The periodic arrangement of the hollow shaped elements in two directions in space on a square grid may, for example, be described with the grid constant A, the diameter of the cover surface d1, the diameter of the base area d2 (where d1≦d2) and the diagonal of the grid D where D=d1+d2 and D=A/√2. Alternatively, geometry may be implemented in which D>A/√2. This means that a mismatch between the size of the hollow shaped elements of one structural spacing part and the spaces between the hollow shaped elements of the other structural spacing part is formed, making it possible to increase pressure on the side walls and compensating better for tolerances.

Advantages also emerge from the great freedom of design in selecting the type of connection formed between the hollow shaped elements. If the hollow shaped elements are connected with each other to fit positively, advantages for the production of the structural member may emerge as the connection between the side walls is even produced by the arrangement of the hollow shaped elements in the compound structure of the structural member. A cramping or anchoring with projections on the surfaces of the side walls, such as Velcro or velvet connection, for example, forms a positively-fitting connection. If the side surfaces to be connected are pressed against each other on assembly by suitable devices or by the deformation behavior of the side walls and a positively-fitting connection is formed between the hollow shaped elements, advantages to additional strength of the hollow shaped elements and thus increased rigidity may emerge. With a force-fitted connection, the side wall material of the hollow shaped elements is exposed to physical stress, the effect of which is to increase strength. Generation of the pressure forcing the side walls together takes place, for example, in an assembly process, e.g. gluing. Reciprocal locking may, for example, be selected as a force-fitting connection. Ultimately, if a firmly-bonded connection between the side walls in contact with each other is formed, advantages may emerge for a particularly strong side cross-linking of the hollow shaped elements and thus also for increased strength of the structural member. The firmly-bonded connection includes, for example, gluing with adhesive or a thermal connection, e.g. welding or soldering. Firmly-bonded connections may have the additional advantages of an increased contact surface between adjacent hollow shaped elements. According to the invention, the above types of connection may be implemented singly or in combination.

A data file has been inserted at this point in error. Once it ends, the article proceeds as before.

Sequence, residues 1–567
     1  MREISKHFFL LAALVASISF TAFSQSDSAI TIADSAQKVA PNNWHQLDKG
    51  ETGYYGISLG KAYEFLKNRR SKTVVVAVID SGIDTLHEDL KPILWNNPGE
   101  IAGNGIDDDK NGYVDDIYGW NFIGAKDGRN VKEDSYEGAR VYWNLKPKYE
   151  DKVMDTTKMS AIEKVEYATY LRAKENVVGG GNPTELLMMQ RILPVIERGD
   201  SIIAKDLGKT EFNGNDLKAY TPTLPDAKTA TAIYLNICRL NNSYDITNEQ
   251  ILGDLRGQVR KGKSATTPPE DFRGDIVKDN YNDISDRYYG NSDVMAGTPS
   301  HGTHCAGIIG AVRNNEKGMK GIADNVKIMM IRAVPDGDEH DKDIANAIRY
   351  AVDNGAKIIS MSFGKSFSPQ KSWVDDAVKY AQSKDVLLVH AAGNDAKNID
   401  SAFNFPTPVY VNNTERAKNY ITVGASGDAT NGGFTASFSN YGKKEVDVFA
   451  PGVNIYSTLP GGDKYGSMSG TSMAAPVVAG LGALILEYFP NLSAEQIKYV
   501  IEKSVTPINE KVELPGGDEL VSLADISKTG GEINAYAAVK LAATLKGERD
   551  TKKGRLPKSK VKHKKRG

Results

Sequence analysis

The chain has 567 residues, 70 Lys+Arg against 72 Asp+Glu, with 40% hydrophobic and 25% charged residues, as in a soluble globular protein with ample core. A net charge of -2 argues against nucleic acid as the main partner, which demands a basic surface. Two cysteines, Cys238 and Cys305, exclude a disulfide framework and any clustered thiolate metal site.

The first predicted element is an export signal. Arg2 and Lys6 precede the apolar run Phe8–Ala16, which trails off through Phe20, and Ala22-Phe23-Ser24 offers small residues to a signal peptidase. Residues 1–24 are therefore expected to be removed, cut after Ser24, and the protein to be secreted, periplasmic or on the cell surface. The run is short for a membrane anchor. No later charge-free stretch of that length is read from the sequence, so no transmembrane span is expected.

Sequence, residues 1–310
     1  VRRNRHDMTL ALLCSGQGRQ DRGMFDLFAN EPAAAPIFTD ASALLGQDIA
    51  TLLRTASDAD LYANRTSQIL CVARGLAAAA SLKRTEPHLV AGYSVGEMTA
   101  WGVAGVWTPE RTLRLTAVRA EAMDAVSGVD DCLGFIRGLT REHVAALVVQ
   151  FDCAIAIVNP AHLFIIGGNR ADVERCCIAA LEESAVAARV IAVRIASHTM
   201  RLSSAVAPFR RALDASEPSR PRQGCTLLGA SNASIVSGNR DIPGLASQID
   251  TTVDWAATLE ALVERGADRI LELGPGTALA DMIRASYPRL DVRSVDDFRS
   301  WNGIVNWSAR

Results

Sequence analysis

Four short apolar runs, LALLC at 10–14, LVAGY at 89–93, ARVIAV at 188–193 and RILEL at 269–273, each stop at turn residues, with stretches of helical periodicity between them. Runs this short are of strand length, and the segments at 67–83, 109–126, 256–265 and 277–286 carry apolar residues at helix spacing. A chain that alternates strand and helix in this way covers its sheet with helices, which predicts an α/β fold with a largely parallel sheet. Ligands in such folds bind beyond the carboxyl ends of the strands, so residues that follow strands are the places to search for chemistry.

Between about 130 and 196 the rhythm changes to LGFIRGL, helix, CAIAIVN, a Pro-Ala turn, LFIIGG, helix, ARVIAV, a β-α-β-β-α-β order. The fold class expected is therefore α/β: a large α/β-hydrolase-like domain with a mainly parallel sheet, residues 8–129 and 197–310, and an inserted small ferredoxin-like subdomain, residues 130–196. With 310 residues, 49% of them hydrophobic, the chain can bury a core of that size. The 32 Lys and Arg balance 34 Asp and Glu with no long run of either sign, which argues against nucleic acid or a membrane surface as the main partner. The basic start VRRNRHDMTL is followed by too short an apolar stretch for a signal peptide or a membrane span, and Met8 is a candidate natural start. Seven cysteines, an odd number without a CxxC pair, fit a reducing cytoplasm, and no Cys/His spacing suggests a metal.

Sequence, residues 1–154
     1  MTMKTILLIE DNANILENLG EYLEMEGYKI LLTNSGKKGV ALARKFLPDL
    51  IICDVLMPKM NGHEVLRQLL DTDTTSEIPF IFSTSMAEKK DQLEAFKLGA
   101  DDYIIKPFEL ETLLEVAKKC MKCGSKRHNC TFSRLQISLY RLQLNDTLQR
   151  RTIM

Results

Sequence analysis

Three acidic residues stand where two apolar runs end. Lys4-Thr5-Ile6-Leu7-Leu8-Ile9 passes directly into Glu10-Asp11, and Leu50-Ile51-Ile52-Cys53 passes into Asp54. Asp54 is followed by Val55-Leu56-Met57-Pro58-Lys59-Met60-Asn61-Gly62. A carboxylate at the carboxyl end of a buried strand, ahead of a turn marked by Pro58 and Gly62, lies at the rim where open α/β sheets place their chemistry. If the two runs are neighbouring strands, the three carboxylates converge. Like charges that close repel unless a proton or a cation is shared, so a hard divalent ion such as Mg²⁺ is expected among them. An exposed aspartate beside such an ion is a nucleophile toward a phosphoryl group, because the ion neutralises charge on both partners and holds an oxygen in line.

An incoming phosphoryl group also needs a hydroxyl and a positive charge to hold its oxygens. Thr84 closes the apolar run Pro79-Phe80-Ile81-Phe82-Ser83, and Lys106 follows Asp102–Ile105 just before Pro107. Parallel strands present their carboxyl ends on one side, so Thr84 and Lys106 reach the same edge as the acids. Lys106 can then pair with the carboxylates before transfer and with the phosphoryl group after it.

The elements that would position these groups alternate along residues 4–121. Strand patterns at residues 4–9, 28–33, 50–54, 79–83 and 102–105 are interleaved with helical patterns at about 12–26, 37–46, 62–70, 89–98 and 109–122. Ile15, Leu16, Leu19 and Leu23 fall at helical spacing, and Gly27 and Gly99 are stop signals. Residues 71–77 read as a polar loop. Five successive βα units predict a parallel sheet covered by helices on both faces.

High variability advantageously exists in the selection of the material of the structural spacing parts having the hollow shaped elements. In accordance with preferred embodiments of the invention, their side walls may consist of fibrous material, particularly textile or holohedral fibrous materials, or of foils. Fibrous materials may possess advantages for the production and compounding of the hollow shaped elements and for the strength of the structural member. If the side walls of the hollow shaped element each consist of a peripheral foil, advantages for the mutual connection of the hollow shaped element emerge. The use of hollow shaped elements which are made of paper, non-woven fabric, deep-drawn knitted fabrics or hosiery, plastic foils, particularly thermoplastic or duroplastic films and/or metallic or ceramic films is particularly preferred.